It’s been a bad week for space elevator enthusiasts, such as myself. An article at Nature.com uses the research of Italian scientist Nicola Pugno to give the space elevator a thorough kicking. Basically, he believes that the necessary tensile strength of the ribbon is unattainable, even using carbon nanotube materials. To quote:
So can a space elevator be made? “With the technology available today? Never,” he says.
Ouch. I’m personally taking heart from the word ‘today’ – there’s a lot of people out there working hard to beat the problems that beset getting an SE operational, not least that Liftport bunch. We shall have to see what happens. It may turn out to be just another science fiction dream after all, but I hope not.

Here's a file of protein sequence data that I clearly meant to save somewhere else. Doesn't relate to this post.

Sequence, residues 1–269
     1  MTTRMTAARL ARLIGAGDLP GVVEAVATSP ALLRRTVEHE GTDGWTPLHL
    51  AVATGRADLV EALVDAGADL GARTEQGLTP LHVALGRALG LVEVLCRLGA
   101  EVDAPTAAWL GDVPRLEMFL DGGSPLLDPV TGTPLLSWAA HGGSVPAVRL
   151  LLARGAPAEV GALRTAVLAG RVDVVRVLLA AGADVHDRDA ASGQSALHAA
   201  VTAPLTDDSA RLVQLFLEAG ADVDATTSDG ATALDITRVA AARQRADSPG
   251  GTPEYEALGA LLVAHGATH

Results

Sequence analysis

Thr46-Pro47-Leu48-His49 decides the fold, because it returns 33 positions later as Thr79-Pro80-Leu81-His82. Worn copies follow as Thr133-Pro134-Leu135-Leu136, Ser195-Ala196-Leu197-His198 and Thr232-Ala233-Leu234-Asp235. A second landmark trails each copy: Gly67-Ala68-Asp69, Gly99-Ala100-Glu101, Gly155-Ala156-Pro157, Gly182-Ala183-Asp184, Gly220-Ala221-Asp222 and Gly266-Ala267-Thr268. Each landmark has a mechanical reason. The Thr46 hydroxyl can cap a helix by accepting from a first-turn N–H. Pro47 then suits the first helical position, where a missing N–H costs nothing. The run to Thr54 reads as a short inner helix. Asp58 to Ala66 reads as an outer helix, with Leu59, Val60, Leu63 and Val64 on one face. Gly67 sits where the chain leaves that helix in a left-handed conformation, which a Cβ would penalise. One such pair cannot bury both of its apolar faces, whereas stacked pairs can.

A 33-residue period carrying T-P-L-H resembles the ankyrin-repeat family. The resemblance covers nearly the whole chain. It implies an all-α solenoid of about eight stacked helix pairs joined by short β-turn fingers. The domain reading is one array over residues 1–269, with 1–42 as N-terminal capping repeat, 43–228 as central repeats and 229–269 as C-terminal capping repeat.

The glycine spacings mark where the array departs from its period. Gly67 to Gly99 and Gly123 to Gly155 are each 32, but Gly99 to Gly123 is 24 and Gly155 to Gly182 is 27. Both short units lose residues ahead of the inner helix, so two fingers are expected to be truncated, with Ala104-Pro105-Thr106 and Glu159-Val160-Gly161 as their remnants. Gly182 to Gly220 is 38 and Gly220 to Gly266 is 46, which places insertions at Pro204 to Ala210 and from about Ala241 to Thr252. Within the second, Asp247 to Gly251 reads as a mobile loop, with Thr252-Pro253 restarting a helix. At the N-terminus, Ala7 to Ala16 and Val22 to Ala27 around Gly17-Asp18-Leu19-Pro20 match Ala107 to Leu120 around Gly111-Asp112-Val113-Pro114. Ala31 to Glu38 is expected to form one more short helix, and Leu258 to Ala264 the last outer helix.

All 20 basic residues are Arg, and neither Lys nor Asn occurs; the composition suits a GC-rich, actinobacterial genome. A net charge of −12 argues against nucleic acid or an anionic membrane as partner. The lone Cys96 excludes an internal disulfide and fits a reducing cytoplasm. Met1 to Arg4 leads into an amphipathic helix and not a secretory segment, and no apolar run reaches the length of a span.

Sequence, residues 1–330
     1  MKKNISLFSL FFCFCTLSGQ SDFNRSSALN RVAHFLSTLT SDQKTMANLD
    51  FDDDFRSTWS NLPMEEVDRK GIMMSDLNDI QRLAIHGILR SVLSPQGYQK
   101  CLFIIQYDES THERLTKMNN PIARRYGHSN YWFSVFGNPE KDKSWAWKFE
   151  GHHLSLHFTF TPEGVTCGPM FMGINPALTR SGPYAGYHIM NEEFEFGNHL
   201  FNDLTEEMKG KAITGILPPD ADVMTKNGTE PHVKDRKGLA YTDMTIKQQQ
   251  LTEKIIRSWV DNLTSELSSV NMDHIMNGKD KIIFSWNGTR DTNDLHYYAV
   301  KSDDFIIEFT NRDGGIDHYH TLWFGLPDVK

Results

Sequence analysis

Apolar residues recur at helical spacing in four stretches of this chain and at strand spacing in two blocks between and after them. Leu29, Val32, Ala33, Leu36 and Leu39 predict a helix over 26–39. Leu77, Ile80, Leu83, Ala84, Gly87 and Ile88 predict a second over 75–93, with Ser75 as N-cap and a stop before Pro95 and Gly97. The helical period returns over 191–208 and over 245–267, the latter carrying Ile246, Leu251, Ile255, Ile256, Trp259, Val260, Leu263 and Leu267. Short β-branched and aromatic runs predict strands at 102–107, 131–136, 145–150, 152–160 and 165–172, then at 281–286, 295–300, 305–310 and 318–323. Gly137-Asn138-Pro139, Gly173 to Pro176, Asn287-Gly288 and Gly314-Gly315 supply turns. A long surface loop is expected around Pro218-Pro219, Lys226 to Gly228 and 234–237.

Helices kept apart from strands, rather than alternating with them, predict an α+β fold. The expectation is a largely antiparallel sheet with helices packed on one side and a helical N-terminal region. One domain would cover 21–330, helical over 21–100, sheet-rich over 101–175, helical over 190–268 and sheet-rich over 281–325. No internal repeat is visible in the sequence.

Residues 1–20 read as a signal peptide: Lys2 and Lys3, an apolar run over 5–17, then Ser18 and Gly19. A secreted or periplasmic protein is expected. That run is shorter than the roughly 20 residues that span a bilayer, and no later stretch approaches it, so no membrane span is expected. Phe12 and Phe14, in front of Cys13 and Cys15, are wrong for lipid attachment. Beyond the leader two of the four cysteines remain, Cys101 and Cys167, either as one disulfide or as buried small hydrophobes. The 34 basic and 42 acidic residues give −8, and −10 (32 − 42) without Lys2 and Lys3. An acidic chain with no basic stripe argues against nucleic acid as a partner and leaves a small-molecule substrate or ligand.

However, while scouting about the responses to the above article (many of which I found via Ted Semon’s Space Elevator Blog), I was pointed towards an alternative concept that was new to me, which doesn’t rely on materials with as great a strength as the SE requires – the ‘space pier’.
A space pier is basically a mass accelerator raised 100km off the earth on a long ‘pier’ of supports. According to Newton’s Laws, anything shot off it fast enough (10G or so) should plunk itself neatly into orbit. Compared to the SE, the tech is lower (even current), the tolerances are safer, and the costs are far lower. Trouble is, due to the far larger planet-side footprint I can see the N.I.M.B.Y. squadrons not liking it one bit…’Well, yes, but I don’t think you should build it *here*!’
Ah, well. Something will crop up. We’ll get off this ball of mud somehow. And then we can start fixing all the damage we’ve done to it!